The unplanned retail centre: is it designed for convenience?
journal contributionposted on 07.06.2017, 00:24 by Reimers, Vaughan, Clulow, Val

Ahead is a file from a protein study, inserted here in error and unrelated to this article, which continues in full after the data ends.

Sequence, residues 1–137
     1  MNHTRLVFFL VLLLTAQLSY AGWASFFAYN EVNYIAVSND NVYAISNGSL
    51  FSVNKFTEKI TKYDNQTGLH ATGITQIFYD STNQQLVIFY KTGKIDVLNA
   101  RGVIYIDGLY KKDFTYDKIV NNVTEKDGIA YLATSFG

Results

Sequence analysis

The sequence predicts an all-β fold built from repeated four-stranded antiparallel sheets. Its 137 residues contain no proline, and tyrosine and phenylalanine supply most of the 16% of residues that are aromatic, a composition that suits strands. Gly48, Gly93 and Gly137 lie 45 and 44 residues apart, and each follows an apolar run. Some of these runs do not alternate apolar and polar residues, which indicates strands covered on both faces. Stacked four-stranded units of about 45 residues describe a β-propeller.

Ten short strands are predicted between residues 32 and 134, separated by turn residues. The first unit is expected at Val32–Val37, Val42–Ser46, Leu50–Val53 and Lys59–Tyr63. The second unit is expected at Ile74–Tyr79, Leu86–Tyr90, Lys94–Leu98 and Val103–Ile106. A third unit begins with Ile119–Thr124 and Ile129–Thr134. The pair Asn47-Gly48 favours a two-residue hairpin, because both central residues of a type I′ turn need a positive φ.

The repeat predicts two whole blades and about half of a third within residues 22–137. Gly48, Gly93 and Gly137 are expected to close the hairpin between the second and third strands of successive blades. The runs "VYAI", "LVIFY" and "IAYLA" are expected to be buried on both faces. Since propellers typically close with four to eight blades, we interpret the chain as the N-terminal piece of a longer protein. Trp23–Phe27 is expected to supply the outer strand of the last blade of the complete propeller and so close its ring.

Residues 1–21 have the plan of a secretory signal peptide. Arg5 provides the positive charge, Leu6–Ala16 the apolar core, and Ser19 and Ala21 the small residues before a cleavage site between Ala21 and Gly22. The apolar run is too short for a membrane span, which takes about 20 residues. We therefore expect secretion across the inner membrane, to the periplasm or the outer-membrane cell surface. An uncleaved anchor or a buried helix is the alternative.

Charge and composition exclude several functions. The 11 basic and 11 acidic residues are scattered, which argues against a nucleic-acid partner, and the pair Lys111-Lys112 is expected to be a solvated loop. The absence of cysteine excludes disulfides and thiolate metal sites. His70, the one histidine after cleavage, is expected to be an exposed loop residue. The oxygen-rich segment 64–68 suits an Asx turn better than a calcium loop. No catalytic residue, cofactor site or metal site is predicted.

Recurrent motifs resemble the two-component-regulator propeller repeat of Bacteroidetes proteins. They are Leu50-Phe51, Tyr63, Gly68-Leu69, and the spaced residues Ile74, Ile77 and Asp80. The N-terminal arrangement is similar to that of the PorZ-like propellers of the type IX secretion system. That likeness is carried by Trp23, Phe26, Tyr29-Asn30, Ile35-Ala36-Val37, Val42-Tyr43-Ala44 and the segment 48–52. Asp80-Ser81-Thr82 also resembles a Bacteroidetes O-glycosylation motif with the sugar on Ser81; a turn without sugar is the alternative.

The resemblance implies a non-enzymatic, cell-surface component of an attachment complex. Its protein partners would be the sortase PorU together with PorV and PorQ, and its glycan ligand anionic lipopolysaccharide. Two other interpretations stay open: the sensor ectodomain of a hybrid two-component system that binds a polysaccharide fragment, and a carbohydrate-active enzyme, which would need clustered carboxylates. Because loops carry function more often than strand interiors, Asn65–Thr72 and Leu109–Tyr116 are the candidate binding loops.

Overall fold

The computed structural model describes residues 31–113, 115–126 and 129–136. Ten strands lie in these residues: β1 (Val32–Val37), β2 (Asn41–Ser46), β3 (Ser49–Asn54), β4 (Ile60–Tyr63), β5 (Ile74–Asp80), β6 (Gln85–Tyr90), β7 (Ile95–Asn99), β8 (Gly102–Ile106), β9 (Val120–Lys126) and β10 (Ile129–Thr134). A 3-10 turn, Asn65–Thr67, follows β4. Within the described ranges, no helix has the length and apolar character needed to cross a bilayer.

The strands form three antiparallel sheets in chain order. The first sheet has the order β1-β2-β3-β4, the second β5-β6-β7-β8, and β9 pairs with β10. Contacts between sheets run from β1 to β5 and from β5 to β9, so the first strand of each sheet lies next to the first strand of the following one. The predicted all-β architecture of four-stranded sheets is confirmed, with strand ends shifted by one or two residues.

The emergence of the internet and a more discerning consumer has created the need for traditional retail centres to provide a more convenient shopping environment. Two attributes determine the convenience afforded by the physical structure of a retail centre; its design and degree of enclosure. This study provides statistical insight into the convenience offered by these two attributes across a sample of 25 planned centres and 25 unplanned centres. Analysis showed that the majority of unplanned centres' possess linear designs. With too few stores spread over excessive distances, the cost of patronising the unplanned centre may be too prohibitive for many shoppers. The findings also indicate that, provided enclosure is valued by consumers, the planned centre holds an obvious advantage. Less than 8% of businesses in unplanned centres operate within enclosed structures such as arcades or complexes. The fact that these structures show symptoms of economic blight suggests why enclosure, in isolation, has often failed to rejuvenate the unplanned centre.